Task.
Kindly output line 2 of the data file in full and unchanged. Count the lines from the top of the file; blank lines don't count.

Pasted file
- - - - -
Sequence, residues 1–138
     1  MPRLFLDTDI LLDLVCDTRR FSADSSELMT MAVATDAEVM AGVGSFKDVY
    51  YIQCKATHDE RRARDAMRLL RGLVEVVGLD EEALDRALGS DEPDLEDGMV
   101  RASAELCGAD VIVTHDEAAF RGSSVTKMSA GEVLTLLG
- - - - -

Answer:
     1  MPRLFLDTDI LLDLVCDTRR FSADSSELMT MAVATDAEVM AGVGSFKDVY